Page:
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Bad Events From Drugs Are Common

More Than 700,000 People per Year Visit ERs Due to Adverse Drug Events
By
WebMD Health News
Reviewed by Louise Chang, MD

Oct. 17, 2006 -- Experts from the CDC and FDA estimate that every year, more than 700,000 people visit U.S. emergency departments because of side effects, accidental overdoses, and other adverse drug events.

Those patients are particularly likely to be 65 years old or older, note the researchers, who included the CDC's Daniel Budnitz, MD, MPH.

In fact, nearly as many people aged 65 and older visit emergency departments for drug events as for automobile accidents, Budnitz's team notes.

Their study appears in The Journal of the American Medical Association.

The study's message: America may need to do more to help people avoid adverse drug events. If you're taking any drugs, you may want to check that you're doing so correctly.

About the Study

Budnitz and colleagues tracked adverse drug events reported at 63 U.S. hospitals from 2004 through 2005.

"Drugs" included prescription drugs, over-the-counter drugs, vaccines, vitamins, dietary supplements, and herbal products.

"Adverse drug events" included allergic reactions, undesirable side effects at recommended doses, accidental overdoses, or "secondary effects," such as falls or choking.

The data don't cover drug-related deaths, suicide attempts, drug abuse, symptoms of drug withdrawal, or drug failures.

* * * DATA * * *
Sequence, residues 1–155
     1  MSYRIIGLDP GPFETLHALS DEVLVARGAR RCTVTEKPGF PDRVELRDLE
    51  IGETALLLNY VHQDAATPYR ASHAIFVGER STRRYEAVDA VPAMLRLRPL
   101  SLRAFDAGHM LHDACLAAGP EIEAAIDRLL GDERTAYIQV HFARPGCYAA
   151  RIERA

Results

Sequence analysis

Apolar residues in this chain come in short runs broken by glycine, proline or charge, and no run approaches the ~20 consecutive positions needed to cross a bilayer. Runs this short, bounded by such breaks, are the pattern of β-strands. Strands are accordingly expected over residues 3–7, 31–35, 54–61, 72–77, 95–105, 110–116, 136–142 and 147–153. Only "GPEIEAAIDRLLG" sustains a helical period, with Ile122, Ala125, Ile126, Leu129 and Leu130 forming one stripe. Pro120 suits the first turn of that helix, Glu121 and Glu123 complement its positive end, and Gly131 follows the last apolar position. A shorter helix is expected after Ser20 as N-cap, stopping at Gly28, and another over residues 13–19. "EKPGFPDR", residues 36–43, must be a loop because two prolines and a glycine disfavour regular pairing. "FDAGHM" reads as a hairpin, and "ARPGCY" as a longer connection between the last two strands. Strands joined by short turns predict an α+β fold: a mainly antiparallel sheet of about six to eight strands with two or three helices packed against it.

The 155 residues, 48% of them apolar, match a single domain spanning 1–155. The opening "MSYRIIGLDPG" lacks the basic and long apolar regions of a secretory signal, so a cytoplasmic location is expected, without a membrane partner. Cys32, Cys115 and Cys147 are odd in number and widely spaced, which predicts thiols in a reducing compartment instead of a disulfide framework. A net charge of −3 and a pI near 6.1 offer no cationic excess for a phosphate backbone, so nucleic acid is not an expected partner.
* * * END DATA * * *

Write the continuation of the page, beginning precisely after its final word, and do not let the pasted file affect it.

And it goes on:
Thousands of Cases

During the study period, the hospitals reported nearly 21,300 emergency department visits due to adverse drug events.

That equals 2.4 cases per 1,000 people, or more than 701,000 patients per year nationwide, Budnitz and colleagues estimate.

Most patients were treated and released from emergency departments. But about 117,000 patients per year require hospitalization for adverse drug events, the researchers estimate.

Drug Data

Most adverse drug events were due to accidental overdoses and allergic reactions.

Many of those cases stemmed from a "relatively small set of drugs" that require monitoring to avoid toxic build-up, the researchers note.

They write that 16 of the 18 drugs most commonly linked to adverse drug events in their study "have been in clinical use for more than 20 years."

The five most common drug classes noted in those events were insulin, painkillers containing opioids, anticlotting drugs, drugs containing the antibiotic amoxicillin, and antihistamines/cold remedies.

Age Pattern

Many people treated for adverse drug events were at least 65 years old.

A quarter of adverse drug events and half of those requiring hospitalization were seen in people aged 65 and older, the researchers note.

Compared with younger adults, those aged 65 and older were:

  • More than twice as likely to be treated in emergency departments for adverse events
  • Nearly seven times as likely to be hospitalized because of adverse drug events

People aged 65 and older tend to use more drugs than younger adults, the researchers point out.

Nearly a third of ER-treated cases in people aged 65 and older were linked to three drugs:

  • Insulin
  • Coumadin, which helps prevent blood clots
  • Digoxin, which helps injured or weak hearts work more efficiently and send blood through the body

The researchers call for renewed efforts to prevent adverse drug events.

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